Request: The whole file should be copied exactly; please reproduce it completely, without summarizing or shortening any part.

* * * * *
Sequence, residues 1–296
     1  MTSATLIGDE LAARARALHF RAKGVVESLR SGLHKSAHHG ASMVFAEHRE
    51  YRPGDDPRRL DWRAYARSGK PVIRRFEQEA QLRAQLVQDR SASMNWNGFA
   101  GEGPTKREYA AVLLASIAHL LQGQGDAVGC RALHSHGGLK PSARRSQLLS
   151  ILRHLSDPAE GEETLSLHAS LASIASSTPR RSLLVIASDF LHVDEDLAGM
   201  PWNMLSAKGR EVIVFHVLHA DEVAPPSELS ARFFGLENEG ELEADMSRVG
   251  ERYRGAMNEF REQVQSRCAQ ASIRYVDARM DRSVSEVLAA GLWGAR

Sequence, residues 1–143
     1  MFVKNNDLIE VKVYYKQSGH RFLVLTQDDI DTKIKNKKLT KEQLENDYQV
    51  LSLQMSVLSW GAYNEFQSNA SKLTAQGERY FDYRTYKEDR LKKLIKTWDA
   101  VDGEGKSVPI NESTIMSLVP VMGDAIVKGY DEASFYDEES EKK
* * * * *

Sequence, residues 1–296
     1  MTSATLIGDE LAARARALHF RAKGVVESLR SGLHKSAHHG ASMVFAEHRE
    51  YRPGDDPRRL DWRAYARSGK PVIRRFEQEA QLRAQLVQDR SASMNWNGFA
   101  GEGPTKREYA AVLLASIAHL LQGQGDAVGC RALHSHGGLK PSARRSQLLS
   151  ILRHLSDPAE GEETLSLHAS LASIASSTPR RSLLVIASDF LHVDEDLAGM
   201  PWNMLSAKGR EVIVFHVLHA DEVAPPSELS ARFFGLENEG ELEADMSRVG
   251  ERYRGAMNEF REQVQSRCAQ ASIRYVDARM DRSVSEVLAA GLWGAR

Sequence, residues 1–143
     1  MFVKNNDLIE VKVYYKQSGH RFLVLTQDDI DTKIKNKKLT KEQLENDYQV
    51  LSLQMSVLSW GAYNEFQSNA SKLTAQGERY FDYRTYKEDR LKKLIKTWDA
   101  VDGEGKSVPI NESTIMSLVP VMGDAIVKGY DEASFYDEES EKK